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# Implementing Apriori Algorithm in R

• Published on July 7, 2016 at 12:18 pm
• Updated on April 28, 2017 at 6:26 pm

There are a bunch of blogs out there posted that show how to implement apriori algorithm in R. However, when I was working on the same, I hit a roadblock since the data was neither in single format, nor in basket(Step 2 explains what a basket format is). I spent quite some time converting the data into the required format to be able to find the association rules.
So, here goes…

## Step 1: Read the data

Read the ‘Groceries_dataset’ csv file. Here is a link to the csv file.

df_groceries <- read.csv("Groceries_dataset.csv")

The data consists of three columns:
Member_number: An ID that can help distinguish different purchases by different customers.
Date: The date of transaction
ItemDescription: The description of the actual item that was bought.

## Step 2: Data cleaning and manipulations using R

The data required for Apriori must be in the following basket format:

The basket format must have first column as a unique identifier of each transaction, something like a unique receipt number. The second columns consists of the items bought in that transaction, separated by spaces or commas or some other separator.

However, the data we have is something like this:

Member number Date Item Description
1688122020199 12/26/2014 Citrus fruit
1688122020199 10/05/2011 Whole milk
1688122020199 10/05/2011 chocolates
1618090368299 03/29/2011 dishes

Since the structure of the data is not in the format necessary to find association rules, we have to perform some data manipulations before finding the relationships.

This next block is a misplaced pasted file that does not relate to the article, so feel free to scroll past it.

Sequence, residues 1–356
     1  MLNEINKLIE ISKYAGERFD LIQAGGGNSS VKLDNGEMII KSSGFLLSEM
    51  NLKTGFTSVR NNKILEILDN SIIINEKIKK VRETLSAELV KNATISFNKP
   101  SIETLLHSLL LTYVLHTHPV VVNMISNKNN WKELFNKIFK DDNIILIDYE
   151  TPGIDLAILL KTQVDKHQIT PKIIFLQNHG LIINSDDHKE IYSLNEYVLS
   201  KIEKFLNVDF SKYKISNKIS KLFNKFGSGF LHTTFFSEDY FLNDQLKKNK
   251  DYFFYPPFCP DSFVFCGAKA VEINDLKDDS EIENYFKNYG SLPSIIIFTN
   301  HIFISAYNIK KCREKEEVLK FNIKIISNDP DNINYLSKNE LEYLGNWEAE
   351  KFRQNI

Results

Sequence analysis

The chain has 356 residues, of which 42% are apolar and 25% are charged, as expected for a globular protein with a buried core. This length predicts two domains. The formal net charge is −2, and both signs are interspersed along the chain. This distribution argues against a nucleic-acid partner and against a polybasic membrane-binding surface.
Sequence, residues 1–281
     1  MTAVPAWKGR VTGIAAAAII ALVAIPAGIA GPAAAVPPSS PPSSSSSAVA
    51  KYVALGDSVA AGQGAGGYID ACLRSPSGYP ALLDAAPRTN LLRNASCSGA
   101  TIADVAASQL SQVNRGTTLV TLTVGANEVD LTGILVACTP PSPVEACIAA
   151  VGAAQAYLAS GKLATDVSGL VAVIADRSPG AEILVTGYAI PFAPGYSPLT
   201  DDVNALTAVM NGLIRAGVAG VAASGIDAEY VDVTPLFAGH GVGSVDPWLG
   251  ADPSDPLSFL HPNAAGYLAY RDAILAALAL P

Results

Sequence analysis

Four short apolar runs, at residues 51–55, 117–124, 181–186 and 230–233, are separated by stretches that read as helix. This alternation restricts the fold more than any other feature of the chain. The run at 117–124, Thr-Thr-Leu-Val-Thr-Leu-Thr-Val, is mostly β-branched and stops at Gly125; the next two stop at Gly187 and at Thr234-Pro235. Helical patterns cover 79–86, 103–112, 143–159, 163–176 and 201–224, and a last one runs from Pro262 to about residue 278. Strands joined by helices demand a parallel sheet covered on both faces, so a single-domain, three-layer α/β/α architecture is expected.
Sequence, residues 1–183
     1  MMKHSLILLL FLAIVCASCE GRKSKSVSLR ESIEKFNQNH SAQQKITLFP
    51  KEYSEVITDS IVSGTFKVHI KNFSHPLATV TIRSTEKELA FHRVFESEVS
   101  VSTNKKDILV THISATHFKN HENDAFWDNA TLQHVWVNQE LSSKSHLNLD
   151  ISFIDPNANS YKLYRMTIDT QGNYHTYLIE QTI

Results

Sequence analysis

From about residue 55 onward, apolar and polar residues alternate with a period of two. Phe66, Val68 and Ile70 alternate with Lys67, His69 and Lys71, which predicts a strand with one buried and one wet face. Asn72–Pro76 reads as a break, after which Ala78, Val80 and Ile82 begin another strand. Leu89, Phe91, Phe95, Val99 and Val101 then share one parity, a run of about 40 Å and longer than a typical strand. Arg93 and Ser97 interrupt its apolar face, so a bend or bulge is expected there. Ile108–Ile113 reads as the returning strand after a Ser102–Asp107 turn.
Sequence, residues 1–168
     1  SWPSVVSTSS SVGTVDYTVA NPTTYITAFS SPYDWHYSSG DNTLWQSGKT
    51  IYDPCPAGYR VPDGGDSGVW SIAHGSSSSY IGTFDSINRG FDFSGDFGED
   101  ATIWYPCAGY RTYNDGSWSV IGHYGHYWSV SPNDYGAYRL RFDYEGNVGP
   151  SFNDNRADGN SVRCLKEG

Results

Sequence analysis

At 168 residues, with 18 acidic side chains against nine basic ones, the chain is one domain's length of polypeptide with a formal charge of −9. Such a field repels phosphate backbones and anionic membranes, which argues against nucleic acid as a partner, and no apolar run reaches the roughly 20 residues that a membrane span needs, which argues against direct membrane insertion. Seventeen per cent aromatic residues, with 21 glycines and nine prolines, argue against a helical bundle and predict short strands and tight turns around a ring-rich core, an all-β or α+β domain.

Lets first make sure that the Member numbers are of numeric data type and then sort the dataframe based on the Member_number.

df_sorted <- df_groceries[order(df_groceries$Member_number),] df_sorted$Member_number <- as.numeric(df_sorted$Member_number)  Learn more about vectors, matrices and data frames in R, or check those videos. Now, we have to convert the dataframe into transactions format such that we have all the items bought at the same time in one row. For this, we use a function called ddply, offered by package plyr. install.packages(“plyr”, dependencies= TRUE) Make sure that you do not have package ‘dplyr’ attached to the session. You might end up getting something like this: You have loaded plyr after dplyr - this is likely to cause problems. If you need functions from both plyr and dplyr, please load plyr first, then dplyr: library(plyr); library(dplyr)  Hence, detach dplyr package first and then load the package if(sessionInfo()['basePkgs']=="dplyr" | sessionInfo()['otherPkgs']=="dplyr"){ detach(package:dplyr, unload=TRUE) } library(plyr)  The next step is to actually convert the dataframe into basket format, based on the Member_number and Date of transaction df_itemList <- ddply(df_groceries,c("Member_number","Date"), function(df1)paste(df1$itemDescription,